Joe, 41, was never particularly maternal (she preferred animals!) but she did find herself wanting to start a family when she got married. After three years of negative pregnancy tests and ensuring they were doing all they could, Joe and her partner Jon realised things weren’t going to happen naturally. However, it was at this time that Joe was diagnosed with myalgic encephalitis and fibromyalgia and Jon was diagnosed with Graves’ disease.
“We knew we didn’t want to pass on any health issues, or risk being unable to look after a child ourselves if we had flare ups, so the idea of children faded into the background and we focused on our dogs, chickens and ducks instead! I know our parents have missed out on grandchildren and there are times I feel a pull on my heartstrings that we maybe were shortchanged by not having children but then we have been able to help people in our jobs and focus on improving our own health to enable us to continue working.
“We don’t dwell on what could have been, but it is something that grabs my attention on the odd occasion.”
“I was meant to be an aunt or a great babysitter”
Alison is 48 and childfree by choice. She has kidney disease but says that doesn’t even play a factor in her decision. When she married her husband 30 years ago, neither of them wanted children. However, they agreed that if one of them changed their mind, they should tell the other.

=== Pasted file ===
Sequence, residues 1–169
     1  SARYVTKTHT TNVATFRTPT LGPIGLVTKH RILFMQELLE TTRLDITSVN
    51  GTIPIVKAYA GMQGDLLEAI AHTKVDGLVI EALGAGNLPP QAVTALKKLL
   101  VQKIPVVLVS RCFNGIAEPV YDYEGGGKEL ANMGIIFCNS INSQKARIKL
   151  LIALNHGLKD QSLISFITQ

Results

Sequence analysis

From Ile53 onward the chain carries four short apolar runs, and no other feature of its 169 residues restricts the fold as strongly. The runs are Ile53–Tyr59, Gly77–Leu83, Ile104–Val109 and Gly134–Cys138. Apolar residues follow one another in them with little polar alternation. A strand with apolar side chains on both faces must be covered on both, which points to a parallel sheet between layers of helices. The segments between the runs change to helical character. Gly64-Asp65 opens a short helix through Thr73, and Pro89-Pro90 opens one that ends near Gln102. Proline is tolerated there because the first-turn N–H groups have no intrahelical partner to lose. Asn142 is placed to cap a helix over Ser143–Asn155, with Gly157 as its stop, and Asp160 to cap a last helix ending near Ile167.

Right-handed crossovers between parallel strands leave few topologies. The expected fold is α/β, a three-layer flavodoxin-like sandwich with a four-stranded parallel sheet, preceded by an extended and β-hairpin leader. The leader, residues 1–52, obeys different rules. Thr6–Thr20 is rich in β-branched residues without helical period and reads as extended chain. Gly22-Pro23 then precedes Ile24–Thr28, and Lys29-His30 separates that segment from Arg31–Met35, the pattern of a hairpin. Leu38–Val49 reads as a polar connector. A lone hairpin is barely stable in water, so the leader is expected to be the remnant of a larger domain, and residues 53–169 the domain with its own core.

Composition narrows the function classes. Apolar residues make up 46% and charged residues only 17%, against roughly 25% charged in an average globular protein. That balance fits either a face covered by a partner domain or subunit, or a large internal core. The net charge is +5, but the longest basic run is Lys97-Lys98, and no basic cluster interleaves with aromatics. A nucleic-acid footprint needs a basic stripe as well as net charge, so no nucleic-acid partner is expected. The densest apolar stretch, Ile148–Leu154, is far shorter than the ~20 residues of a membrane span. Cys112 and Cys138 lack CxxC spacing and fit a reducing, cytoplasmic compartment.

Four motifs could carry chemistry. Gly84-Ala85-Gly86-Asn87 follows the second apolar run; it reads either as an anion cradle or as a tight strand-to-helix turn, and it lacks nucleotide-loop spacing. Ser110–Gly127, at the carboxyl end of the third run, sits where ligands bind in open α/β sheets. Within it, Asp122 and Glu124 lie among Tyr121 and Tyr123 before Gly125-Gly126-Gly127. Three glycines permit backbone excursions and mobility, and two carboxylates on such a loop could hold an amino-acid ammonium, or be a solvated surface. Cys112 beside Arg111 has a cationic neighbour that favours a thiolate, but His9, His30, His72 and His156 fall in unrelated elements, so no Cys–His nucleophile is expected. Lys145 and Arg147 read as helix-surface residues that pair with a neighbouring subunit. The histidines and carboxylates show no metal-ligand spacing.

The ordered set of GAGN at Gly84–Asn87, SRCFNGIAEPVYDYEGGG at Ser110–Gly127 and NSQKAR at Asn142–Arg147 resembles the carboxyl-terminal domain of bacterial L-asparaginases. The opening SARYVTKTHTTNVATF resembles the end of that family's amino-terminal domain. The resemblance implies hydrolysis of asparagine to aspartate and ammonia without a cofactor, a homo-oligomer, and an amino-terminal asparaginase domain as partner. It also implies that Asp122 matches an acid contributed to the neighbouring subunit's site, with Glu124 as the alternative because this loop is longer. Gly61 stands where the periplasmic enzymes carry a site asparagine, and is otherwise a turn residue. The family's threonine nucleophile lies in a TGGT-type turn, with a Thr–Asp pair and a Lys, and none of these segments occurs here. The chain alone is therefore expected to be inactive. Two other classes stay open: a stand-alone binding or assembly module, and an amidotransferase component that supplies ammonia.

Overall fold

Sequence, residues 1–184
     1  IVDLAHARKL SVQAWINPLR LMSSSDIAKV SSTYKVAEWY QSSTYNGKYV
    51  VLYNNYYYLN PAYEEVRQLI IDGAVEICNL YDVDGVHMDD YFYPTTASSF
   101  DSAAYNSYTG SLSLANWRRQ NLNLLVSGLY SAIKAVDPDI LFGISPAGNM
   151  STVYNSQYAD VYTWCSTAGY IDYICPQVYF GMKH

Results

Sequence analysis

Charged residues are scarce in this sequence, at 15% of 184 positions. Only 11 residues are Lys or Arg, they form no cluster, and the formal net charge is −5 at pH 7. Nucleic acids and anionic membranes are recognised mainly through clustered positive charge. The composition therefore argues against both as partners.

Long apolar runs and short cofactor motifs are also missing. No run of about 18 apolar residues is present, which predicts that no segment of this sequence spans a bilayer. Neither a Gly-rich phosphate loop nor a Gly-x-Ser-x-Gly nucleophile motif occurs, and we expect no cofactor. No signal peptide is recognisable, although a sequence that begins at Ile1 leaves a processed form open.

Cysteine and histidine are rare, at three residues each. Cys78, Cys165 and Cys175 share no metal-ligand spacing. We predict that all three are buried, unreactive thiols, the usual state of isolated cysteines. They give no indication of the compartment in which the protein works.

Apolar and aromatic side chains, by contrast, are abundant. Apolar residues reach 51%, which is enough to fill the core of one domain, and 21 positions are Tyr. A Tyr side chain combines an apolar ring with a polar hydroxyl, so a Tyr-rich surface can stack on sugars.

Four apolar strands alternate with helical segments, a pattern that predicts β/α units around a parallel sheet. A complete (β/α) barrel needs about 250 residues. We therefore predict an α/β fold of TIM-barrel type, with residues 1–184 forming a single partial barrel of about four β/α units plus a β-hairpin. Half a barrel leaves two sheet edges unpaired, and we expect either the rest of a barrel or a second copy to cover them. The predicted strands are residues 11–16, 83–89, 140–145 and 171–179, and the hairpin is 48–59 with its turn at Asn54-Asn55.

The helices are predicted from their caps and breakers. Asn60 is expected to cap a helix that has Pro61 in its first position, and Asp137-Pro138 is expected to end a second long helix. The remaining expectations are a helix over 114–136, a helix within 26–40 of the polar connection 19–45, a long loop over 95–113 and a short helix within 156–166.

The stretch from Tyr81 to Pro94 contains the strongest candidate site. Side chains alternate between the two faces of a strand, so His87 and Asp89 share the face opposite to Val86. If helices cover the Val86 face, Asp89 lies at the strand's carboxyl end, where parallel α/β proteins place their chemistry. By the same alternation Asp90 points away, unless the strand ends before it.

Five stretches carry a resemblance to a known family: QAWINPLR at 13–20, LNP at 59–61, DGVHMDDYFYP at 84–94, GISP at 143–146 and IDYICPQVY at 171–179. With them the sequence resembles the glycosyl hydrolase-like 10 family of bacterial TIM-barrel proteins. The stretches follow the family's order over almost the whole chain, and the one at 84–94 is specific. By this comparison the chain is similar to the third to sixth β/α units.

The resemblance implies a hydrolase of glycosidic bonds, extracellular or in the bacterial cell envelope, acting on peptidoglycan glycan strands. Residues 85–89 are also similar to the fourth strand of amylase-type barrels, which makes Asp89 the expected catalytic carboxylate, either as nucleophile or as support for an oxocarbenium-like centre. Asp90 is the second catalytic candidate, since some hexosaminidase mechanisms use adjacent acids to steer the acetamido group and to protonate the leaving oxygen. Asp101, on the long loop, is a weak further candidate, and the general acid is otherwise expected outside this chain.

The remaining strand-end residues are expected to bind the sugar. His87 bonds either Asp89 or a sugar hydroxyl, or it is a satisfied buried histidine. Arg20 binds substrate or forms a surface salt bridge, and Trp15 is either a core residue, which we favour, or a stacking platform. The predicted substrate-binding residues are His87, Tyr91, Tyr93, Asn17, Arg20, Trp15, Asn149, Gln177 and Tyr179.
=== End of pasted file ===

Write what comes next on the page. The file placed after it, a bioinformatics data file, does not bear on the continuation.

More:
“We agreed that if we decided to be parents, it’s a full-time job, and that if we weren’t 100% happy with that then we shouldn’t bring another human being into the world,” she says. “Ultimately, I think that I’m just one of those people who was meant to be an aunt or a great babysitter. Leave your child with me for 24 hours and they’ll have a great time.But the best bit is handing the children back to their parents at the end of the day.
“Wanting to start a family of my own became all-encompassing”
Jen, 36, spent most of her 20s not being particularly fussed about having children, but her feelings changed in her early 30s when she separated from her husband and started to feel lonely.
“Wanting to start a family of my own became all-encompassing,” she says. “Hundreds of dates and a few failed relationships later, it was becoming increasingly clear that finding someone who could be a good partner and even better father would be a struggle. In many ways, I put up with more questionable behaviour than I should have to keep the dream of motherhood alive.”
But a recent pregnancy scare made Jen re-evaluate things.
A few months into the first lockdown, Jen met a guy who she started an intense relationship with. After a two-week holiday together when the travel restrictions lifted, it became clear they weren’t on the same page and he called things off. The reason he gave was Jen’s age, because she was “firmly in geriatric pregnancy territory” and he didn’t want to waste her time. But later, after feeling nauseous and sensitive for a while, Jen thought she was pregnant.